In the final part of our series, Chris Green arrives in Glasgow - a host city struggling to keep the politics out of its celebration of sport
    Out in the cold: A writer spends a night on the streets and hears the stories of the homeless

    A writer spends a night on the streets

    Rough sleepers - the homeless, the destitute and the drunk - exist in every city. Will Nicoll meets those whose luck has run out
    Striking new stations, high-speed links and (whisper it) better services - the UK's railways are entering a new golden age

    UK's railways are entering a new golden age

    New stations are opening across the country and our railways appear to be entering an era not seen in Britain since the early 1950s
    Conchita Wurst becomes a 'bride' on the Paris catwalk - and proves there is life after Eurovision

    Conchita becomes a 'bride' on Paris catwalk

    Alexander Fury salutes the Eurovision Song Contest winner's latest triumph
    Pétanque World Championship in Marseilles hit by

    Pétanque 'world cup' hit by death threats

    This year's most acrimonious sporting event took place in France, not Brazil. How did pétanque get so passionate?
    Whelks are healthy, versatile and sustainable - so why did we stop eating them in the UK?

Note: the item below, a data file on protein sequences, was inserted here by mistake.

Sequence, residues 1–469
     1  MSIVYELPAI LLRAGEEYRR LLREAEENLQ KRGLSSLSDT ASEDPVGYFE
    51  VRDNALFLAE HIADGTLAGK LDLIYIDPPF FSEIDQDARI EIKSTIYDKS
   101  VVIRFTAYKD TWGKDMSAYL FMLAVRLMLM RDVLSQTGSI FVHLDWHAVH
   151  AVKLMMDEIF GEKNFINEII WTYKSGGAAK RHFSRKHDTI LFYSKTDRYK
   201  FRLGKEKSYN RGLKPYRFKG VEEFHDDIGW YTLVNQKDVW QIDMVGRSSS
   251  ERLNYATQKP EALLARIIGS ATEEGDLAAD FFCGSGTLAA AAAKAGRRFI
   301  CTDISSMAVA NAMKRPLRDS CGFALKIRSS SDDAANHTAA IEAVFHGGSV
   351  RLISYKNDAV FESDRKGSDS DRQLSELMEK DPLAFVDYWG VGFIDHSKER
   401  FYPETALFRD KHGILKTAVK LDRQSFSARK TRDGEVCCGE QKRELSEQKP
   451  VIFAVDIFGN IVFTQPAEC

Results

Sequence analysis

Why did we stop eating whelks?

    Whelks were the Victorian equivalent of the donor kebab and our stocks are abundant. So why do we now export them all to the Far East?
    10 best women's sunglasses

    In the shade: 10 best women's sunglasses

    From luxury bespoke eyewear to fun festival sunnies, we round up the shades to be seen in this summer
    Germany vs Argentina World Cup 2014: Lionel Messi? Javier Mascherano is key for Argentina...

    World Cup final: Messi? Mascherano is key for Argentina...

    No 10 is always centre of attention but Barça team-mate is just as crucial to finalists’ hopes
    Siobhan-Marie O’Connor: Swimmer knows she needs Glasgow joy on road to Rio

    Siobhan-Marie O’Connor: Swimmer needs Glasgow joy on road to Rio

    18-year-old says this month’s Commonwealth Games are a key staging post in her career before time slips away
    The true Gaza back-story that the Israelis aren’t telling this week

    The true Gaza back-story that the Israelis aren’t telling this week

    A future Palestine state will have no borders and be an enclave within Israel, surrounded on all sides by Israeli-held territory, says Robert Fisk
    A History of the First World War in 100 Moments: The German people demand an end to the fighting

    A History of the First World War in 100 Moments

    The German people demand an end to the fighting
    New play by Oscar Wilde's grandson reveals what the Irish wit said at his trials

    New play reveals what Oscar Wilde said at trials

    For a century, what Wilde actually said at his trials was a mystery. But the recent discovery of shorthand notes changed that. Now his grandson Merlin Holland has turned them into a play
    Can scientists save the world's sea life from

    Can scientists save our sea life?

    By the end of the century, the only living things left in our oceans could be plankton and jellyfish. Alex Renton meets the scientists who are trying to turn the tide
    Richard III, Trafalgar Studios, review: Martin Freeman gives highly intelligent performance

    Richard III review

    Martin Freeman’s psychotic monarch is big on mockery but wanting in malice